My rating: 3 of 5 stars
The Prisoner’s Dilemma is the third book in the Mysterious Benedict Society series.
For those not in the know, The Mysterious Benedict Society is a children’s series by Trenton Lee Stewart. It follows the escapades of four specially gifted children as they work with their mentor, the wise and benevolent Nicholas Benedict, to thwart the plans of his evil twin brother, Ledroptha Curtain.
I think it’s easily the best new series to hit children’s lit since the Ramona books by Beverly Cleary (that’s right, J.K. Rowling. I’m dismissing Harry Potter into the annals of crappy children’s lit – where it belongs) and the best mystery for kids since Ellen Raskin’s The Westing Game, which, in my mind, is the best children’s mystery novel of all time.
The kids are usually somehow separated from all of their adult friends and must band together to figure out what Mr. Curtain is up to and stop it. Usually, the reader can play along by trying to decipher the clues that the MBS get.
But my favorite thing about this series is not the mystery. No, that’s just the meat sauce covering up all the carrots and spinach that Mom snuck into the spaghetti. My favorite thing about Stewart’s series is that the kids are refreshingly good.
I don’t know when it became okay and even respected for kids to sass their parents and treat one another like crap. Characters in books don’t say things anymore. They scream them. It’s like they’re constantly yelling at one another because of the terrible burden of whatever mission it is they’re trying to accomplish.
But the kids in MBS only shout when they have to in order to be heard. They do get annoyed with each other, but they *gasp!* do their best not to show their annoyance. That’s, like… mature behavior! I hope to God that some of the celebutards out there will someday read these books and think to themselves, “Hmm, I should exercise some self-control every now and again.”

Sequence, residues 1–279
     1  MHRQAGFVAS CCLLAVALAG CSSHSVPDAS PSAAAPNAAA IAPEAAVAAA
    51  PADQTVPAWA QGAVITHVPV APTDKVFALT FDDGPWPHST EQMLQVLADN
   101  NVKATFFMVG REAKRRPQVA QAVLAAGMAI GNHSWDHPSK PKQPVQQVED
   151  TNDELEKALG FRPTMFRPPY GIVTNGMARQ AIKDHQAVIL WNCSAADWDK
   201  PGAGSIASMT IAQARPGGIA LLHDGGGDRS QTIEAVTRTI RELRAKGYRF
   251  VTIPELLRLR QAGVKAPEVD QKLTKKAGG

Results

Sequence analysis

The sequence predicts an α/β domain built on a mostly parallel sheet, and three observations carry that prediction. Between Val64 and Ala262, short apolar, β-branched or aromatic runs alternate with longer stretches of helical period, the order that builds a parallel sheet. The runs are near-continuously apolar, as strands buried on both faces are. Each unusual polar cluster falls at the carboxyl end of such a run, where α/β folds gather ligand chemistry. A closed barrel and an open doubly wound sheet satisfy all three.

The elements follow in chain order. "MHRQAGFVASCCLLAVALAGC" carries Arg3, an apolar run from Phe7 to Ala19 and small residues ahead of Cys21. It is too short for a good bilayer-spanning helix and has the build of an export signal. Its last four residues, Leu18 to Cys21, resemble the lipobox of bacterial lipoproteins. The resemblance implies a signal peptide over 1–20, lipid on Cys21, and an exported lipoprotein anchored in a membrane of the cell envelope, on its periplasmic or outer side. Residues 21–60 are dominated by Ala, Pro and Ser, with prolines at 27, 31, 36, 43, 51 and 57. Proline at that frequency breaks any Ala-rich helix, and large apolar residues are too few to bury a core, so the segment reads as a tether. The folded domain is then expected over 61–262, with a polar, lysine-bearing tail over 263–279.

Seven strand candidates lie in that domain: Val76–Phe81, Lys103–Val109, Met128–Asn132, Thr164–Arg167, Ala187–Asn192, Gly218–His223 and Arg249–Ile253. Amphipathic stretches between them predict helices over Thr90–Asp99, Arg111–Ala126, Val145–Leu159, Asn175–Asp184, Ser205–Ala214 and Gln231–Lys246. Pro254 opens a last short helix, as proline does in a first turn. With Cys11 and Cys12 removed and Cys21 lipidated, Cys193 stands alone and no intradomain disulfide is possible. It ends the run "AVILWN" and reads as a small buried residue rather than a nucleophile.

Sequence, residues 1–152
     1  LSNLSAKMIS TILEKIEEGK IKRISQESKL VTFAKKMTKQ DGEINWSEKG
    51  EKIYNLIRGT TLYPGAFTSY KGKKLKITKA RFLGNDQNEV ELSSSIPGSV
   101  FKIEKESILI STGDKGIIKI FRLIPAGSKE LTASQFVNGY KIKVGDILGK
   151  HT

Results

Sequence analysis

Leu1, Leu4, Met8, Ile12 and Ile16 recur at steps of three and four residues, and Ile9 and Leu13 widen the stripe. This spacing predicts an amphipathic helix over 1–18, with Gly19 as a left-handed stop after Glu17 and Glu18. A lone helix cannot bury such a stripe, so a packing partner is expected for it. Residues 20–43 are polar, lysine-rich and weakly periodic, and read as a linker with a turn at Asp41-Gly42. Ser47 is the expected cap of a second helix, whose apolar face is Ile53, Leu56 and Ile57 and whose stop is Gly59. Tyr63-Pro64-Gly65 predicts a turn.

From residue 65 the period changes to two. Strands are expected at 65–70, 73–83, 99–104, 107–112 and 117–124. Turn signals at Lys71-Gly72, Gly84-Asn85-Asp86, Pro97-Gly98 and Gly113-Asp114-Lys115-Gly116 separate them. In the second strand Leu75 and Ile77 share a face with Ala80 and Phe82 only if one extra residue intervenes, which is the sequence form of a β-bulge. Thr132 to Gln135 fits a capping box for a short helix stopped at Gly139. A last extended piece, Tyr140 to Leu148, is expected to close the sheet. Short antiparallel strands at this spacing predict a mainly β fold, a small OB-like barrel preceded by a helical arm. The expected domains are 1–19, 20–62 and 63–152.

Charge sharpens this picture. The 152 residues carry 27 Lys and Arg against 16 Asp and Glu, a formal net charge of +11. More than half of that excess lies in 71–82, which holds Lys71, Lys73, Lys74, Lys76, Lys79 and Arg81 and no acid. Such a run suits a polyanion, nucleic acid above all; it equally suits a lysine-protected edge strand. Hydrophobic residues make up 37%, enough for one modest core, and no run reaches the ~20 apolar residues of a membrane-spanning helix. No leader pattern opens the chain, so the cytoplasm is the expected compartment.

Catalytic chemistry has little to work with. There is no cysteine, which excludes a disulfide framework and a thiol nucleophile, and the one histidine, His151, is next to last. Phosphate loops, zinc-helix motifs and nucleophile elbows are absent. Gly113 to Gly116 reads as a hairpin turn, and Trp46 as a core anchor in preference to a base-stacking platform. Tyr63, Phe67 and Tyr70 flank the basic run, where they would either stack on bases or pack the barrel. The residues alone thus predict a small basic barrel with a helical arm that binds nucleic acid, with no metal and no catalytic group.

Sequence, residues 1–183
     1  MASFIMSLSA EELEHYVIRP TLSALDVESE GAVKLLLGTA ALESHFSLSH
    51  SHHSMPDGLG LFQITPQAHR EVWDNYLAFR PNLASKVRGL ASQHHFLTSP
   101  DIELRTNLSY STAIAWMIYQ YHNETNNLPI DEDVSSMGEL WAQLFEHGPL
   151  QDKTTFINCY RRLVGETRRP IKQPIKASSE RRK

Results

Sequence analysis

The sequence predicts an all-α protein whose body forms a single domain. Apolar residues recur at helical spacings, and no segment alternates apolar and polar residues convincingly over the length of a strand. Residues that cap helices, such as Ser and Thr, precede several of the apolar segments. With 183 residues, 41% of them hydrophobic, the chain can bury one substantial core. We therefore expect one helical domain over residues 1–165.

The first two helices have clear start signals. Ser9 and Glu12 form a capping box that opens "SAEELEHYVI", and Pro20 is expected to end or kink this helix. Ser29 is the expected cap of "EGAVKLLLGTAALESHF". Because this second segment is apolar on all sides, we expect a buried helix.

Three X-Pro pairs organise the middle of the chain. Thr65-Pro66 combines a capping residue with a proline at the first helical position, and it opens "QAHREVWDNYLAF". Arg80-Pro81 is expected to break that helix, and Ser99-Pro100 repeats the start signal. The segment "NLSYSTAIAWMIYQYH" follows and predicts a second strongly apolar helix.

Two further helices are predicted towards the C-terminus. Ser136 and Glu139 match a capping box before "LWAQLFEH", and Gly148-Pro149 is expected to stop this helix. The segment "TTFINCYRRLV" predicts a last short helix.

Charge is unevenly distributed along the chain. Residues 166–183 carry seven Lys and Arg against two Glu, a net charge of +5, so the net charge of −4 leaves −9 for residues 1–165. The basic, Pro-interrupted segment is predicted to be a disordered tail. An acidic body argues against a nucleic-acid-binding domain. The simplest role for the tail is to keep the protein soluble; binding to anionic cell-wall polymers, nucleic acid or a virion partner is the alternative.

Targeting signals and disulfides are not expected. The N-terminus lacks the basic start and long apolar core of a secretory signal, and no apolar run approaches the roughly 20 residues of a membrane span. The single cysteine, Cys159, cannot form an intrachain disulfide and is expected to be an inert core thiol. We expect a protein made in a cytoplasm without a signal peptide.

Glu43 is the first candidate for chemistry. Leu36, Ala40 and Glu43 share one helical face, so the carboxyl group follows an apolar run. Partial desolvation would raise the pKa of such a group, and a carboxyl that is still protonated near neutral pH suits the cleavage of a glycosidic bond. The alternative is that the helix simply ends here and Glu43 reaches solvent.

And the kids don’t just refrain from treating one another badly. When one of them makes a mistake, instead of sniping at one another and pointing fingers, the others leap at the opportunity to encourage their teammate. Each of them has a different skill: Reynie is a critical thinker, Sticky has a photographic memory, Kate can climb anything and outrun most adults, and Constance has the gift of extraordinary stubbornness. Oh, and ESP.
Each of them may have a special talent, but they all know that they need to work as a team in order to succeed. There’s no “lone wolf” mentality in these books. They encourage community and teamwork and friendship.
In this specific installment of the series, the evil Mr. Curtain is after Constance for her ability to read and control minds. The plot involves a power outage, a showdown, and some fun clues to figure out (they’re doable if you’re well-versed in riddling).
This installment was just okay, but the series as a whole still gets a solid rating from me.
I’d highly recommend this series to anyone with kids ages nine or ten and up. Screw the wizards. I want to be a secret agent.